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Science 333 (6045): 944-945

Copyright © 2011 by the American Association for the Advancement of Science

The Adjuvant Effects of Antibodies

Mark J. Smyth, and Michael H. Kershaw

Monoclonal antibodies (mAbs) are perhaps the most exciting, specific, and flexible vehicle for treating cancer. Major leaps in the engineering of mAbs over the past three decades have improved their effectiveness against target antigens. CD40, a member of the tumor necrosis factor receptor (TNFR) superfamily expressed on antigen-presenting cells, is one such target, but so far the clinical efficacy of a mAb against this molecule in cancer patients has been limited. On page 1030 of this issue, Li and Ravetch (1) demonstrate that a mAb to CD40, with enhanced binding to another protein on antigen-presenting cells, increases activation of the antigen-presenting cells and thereby promotes an adaptive immune response. This has implications for the design of other therapeutic mAbs.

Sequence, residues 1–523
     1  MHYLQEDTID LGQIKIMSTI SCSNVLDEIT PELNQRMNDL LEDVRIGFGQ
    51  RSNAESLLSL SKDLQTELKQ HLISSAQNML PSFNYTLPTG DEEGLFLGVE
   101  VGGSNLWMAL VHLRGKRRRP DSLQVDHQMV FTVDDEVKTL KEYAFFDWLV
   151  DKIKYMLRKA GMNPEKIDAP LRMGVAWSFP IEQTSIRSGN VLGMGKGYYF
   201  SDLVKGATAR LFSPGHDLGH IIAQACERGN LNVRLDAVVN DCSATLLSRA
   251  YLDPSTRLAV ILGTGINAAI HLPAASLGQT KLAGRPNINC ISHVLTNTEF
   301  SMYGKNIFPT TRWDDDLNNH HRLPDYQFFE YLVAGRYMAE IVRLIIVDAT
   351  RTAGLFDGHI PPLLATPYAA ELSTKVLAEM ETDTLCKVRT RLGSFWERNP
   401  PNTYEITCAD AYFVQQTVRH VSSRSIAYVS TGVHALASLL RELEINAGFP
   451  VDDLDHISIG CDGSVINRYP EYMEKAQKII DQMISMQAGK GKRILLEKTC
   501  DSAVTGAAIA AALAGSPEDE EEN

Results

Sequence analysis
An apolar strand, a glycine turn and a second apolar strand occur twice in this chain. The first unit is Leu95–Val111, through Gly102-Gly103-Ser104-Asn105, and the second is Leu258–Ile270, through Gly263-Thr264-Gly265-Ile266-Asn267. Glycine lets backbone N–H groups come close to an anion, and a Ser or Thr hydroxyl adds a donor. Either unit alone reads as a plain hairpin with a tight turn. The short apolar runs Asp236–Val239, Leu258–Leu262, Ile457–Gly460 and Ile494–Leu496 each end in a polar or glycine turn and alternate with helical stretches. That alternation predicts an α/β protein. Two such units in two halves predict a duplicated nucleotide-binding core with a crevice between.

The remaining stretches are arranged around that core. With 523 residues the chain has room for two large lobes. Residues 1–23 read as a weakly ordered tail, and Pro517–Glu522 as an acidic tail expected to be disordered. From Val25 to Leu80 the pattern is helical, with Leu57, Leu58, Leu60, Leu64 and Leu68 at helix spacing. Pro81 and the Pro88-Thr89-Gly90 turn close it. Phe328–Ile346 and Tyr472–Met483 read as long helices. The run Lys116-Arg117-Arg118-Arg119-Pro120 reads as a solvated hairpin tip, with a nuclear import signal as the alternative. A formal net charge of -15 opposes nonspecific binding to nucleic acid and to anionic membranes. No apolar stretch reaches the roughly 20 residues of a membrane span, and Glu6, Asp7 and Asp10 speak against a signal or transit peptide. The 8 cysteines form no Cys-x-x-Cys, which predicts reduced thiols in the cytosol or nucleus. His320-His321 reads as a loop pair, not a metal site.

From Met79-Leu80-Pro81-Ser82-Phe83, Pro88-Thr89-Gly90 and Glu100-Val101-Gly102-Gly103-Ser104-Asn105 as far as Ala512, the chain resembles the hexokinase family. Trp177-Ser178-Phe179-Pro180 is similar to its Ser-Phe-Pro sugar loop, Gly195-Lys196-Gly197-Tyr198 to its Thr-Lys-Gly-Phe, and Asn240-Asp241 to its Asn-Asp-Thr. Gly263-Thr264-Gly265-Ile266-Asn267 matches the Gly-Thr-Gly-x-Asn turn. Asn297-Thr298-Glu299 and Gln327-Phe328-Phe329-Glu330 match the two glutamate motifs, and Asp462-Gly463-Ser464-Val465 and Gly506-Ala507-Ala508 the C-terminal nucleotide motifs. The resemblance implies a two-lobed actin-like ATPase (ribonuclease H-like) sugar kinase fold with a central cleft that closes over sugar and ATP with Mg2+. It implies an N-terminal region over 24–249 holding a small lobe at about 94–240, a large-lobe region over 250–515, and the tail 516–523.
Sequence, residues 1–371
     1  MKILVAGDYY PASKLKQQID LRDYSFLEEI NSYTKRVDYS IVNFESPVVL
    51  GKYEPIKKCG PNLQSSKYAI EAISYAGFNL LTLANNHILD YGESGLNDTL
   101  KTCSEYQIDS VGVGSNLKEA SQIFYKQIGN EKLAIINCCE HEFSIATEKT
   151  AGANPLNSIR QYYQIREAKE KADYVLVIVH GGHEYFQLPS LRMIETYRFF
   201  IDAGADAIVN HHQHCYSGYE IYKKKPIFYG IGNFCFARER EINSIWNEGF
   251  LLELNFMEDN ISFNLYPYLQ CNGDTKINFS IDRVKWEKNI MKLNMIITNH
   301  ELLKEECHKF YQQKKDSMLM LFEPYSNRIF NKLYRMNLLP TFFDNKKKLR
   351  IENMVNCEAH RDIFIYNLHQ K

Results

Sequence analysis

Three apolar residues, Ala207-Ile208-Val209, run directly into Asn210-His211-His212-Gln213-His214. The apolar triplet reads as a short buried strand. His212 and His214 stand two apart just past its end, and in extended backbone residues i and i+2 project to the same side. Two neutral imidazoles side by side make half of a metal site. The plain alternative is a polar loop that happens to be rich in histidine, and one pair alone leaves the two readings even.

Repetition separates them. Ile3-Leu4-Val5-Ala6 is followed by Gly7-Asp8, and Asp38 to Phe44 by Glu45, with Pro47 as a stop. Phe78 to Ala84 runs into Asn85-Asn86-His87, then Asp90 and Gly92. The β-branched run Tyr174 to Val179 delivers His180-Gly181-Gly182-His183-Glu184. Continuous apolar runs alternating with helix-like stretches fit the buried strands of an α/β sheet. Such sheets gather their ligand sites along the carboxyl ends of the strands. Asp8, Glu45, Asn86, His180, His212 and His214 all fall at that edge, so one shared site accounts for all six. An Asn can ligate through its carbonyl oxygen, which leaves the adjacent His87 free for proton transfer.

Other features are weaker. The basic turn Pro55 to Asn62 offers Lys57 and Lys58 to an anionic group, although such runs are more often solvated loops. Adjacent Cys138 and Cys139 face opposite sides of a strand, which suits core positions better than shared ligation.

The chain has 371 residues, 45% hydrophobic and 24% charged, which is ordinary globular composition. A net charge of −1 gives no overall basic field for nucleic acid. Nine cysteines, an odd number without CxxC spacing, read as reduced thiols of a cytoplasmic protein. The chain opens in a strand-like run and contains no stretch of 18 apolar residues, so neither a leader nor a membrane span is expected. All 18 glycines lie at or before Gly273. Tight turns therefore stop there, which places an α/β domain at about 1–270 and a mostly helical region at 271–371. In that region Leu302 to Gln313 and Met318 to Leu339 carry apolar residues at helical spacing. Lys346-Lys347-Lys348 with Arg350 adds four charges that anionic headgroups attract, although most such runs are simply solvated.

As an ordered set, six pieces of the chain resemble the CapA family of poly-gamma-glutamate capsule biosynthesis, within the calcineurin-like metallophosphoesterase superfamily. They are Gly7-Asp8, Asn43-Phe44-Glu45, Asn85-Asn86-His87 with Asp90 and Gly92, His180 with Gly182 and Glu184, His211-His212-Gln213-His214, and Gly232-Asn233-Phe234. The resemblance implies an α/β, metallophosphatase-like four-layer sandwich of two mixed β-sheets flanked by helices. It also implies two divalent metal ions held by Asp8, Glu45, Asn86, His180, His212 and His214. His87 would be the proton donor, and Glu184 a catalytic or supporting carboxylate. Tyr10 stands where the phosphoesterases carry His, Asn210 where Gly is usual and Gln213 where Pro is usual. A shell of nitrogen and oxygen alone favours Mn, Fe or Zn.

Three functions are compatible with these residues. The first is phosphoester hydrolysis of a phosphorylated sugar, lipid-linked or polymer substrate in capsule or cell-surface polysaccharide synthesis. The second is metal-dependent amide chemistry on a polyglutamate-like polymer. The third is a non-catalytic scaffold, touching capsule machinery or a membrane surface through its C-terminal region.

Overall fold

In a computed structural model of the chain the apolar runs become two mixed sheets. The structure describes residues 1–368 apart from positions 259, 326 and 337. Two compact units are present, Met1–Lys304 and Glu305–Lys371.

Cancer Immunology Program, Peter MacCallum Cancer Centre, East Melbourne, 3002 Victoria, Australia. University of Melbourne, 3010 Victoria, Australia.

E-mail: mark.smyth{at}petermac.org



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